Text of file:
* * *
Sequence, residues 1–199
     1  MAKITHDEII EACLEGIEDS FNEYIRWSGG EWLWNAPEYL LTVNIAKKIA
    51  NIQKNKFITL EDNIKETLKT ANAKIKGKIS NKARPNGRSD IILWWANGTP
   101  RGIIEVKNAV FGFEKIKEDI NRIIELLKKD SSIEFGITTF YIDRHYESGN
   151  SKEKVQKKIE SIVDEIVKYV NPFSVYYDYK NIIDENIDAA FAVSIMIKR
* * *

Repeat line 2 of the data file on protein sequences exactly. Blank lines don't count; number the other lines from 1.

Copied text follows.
     1  MAKITHDEII EACLEGIEDS FNEYIRWSGG EWLWNAPEYL LTVNIAKKIA